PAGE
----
In 1982, WBBM-FM picked up a top 40 format known as "Hot Hits," which was created by consultant Mike Joseph in 1977 for WTIC-FM in Hartford, Connecticut. That concept, one of the earliest examples of CHR, also revitalized the top 40 format and would play a role in bringing the format to the FM band throughout the 1980s. The concept was to play only the current hits on the top 30 and no recurrents or oldies whatsoever. The format was delivered with up tempo energy and plenty of jingles. The original staff of "96 Now" as the station was called included Steve Davis, Joe Dawson, Gary Spears, Dave Robbins, and Tony Taylor. As a "Hot Hits" station, WBBM-FM (now known as "96 NOW") played the Top 5 hits every hour and in between other hits on the Top 30 chart. Beginning in 1983, Hot Hits stations started playing recent hits from the past several years mixed into the Hot Hits. WBBM-FM therefore evolved into a more common CHR station as a result. WBBM-FM led the competition with CHR and at times was the number one station in Chicago. Out of all of the "Hot Hits" stations, WBBM-FM was the most successful for the longest period of time and managed to accomplish what a long line of stations since the 1960s had been unable to do: defeat WLS for Chicago's top 40 radio crown. By the end of 1982, Mike Joseph was no longer consulting WBBM-FM, and the station had adopted its trademark "B96" name under Program Director Buddy Scott. Even without Joseph the station continued to flourish.
By 1989, WBBM-FM would start embracing a lot of dance product, especially the home-grown house sub genre. That move would result in B96 evolving into a very dance-leaning rhythmic top 40 direction by 1990. Under this direction they would see ratings skyrocket out of nowhere and through most of the decade would set the standard as a cutting-edge leader when it came to breaking Dance music acts from La Bouche to Rozalla in the United States.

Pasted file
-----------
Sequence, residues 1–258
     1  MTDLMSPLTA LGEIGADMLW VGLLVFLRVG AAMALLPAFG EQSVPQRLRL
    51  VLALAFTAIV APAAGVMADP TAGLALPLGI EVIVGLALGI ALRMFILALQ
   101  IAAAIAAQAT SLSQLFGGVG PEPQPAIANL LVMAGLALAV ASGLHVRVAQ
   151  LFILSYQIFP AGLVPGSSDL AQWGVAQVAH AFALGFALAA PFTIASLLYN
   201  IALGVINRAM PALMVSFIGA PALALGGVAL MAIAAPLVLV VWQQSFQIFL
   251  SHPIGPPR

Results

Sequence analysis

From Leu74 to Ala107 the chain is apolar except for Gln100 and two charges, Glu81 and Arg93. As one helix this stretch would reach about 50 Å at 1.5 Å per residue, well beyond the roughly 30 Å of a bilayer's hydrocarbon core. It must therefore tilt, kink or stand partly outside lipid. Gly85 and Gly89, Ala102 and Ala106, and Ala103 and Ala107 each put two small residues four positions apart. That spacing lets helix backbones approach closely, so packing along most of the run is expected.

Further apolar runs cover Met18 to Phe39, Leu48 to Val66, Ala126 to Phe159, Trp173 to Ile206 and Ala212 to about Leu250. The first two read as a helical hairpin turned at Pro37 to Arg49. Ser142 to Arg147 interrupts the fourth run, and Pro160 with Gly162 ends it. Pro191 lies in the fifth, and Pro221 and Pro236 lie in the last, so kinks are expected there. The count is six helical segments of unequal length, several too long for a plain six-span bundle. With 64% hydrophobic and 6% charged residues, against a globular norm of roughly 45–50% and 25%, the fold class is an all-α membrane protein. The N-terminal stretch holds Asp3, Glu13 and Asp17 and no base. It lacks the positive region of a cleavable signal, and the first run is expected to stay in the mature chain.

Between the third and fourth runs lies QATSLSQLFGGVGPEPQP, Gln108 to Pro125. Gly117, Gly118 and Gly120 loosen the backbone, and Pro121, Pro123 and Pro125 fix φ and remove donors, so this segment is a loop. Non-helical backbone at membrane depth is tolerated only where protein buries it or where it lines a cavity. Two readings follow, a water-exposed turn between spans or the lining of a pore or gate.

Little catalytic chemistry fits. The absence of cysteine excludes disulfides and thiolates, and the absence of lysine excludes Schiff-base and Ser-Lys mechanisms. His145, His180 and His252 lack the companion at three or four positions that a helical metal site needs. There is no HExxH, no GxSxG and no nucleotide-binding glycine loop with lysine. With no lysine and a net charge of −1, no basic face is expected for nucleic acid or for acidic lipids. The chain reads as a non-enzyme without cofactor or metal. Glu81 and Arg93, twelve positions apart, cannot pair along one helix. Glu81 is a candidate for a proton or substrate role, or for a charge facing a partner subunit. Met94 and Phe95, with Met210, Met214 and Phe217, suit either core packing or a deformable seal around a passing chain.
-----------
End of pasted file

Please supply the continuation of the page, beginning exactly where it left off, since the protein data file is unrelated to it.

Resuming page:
By the end of the 1990s, however, B96 would start embracing acts from the world of R&B/hip-hop and pop as the dance scene dried up. But even today they haven't forgotten their roots as most of their daily and weekend mixshows are still dance-intensive and still spike a track or two in between the current hits from time to time. This choice of music genres puts WBBM in prime competition with heritage hip hop/urban contemporary station WGCI-FM and mainstream top 40 station WKSC-FM.
In December 2005, the existing station launched into HD Radio and added an HD2 FM sub-carrier to program commercial-free Dance Top 40 hits 24/7, similar to the pioneering former Energy 92.7/5 dance without hip-hop format.
B96 is probably most known for its flagship “Eddie & JoBo” morning show. Ed Volkman & Joe Bohannon have been a fixture at B96 for 20 years. Joe Bohannon first signed on at B96 in 1984 hosting evening as “JoBo In Chicago”. Ed Volkman started at B96 in 1986 hosting morning drive along with Karen Hand and Mike Elston. When Elston left B96 in 1988 Bohannon was moved to mornings along with Volkman and Hand and the “JoBo & Eddie” show was born.
The duo enjoyed success in the in the late 1980’s and early 1990’s. They invited their listeners, who they dubbed “The Worlds Most Dangerous Audience”, to assist in some classic radio bits such as cold water wake-up calls, the daily Twinkie check, and the infamous mattress attacks. Eddie & JoBo rode a wave of success, but on May 10, 1994, they were fired in the aftermath of a multi-million dollar defamation lawsuit filed against them by former WMAQ-TV anchor Joan Esposito. Esposito sued Eddie & JoBo in 1993 after JoBo falsely aired a statement that she had been impregnated by a member of the Chicago Bulls.